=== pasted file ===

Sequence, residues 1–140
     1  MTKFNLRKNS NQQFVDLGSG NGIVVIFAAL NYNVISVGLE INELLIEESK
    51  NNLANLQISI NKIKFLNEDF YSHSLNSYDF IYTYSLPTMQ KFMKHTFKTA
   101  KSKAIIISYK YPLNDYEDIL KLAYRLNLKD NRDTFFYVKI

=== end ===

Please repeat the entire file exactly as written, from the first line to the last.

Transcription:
Sequence, residues 1–140
     1  MTKFNLRKNS NQQFVDLGSG NGIVVIFAAL NYNVISVGLE INELLIEESK
    51  NNLANLQISI NKIKFLNEDF YSHSLNSYDF IYTYSLPTMQ KFMKHTFKTA
   101  KSKAIIISYK YPLNDYEDIL KLAYRLNLKD NRDTFFYVKI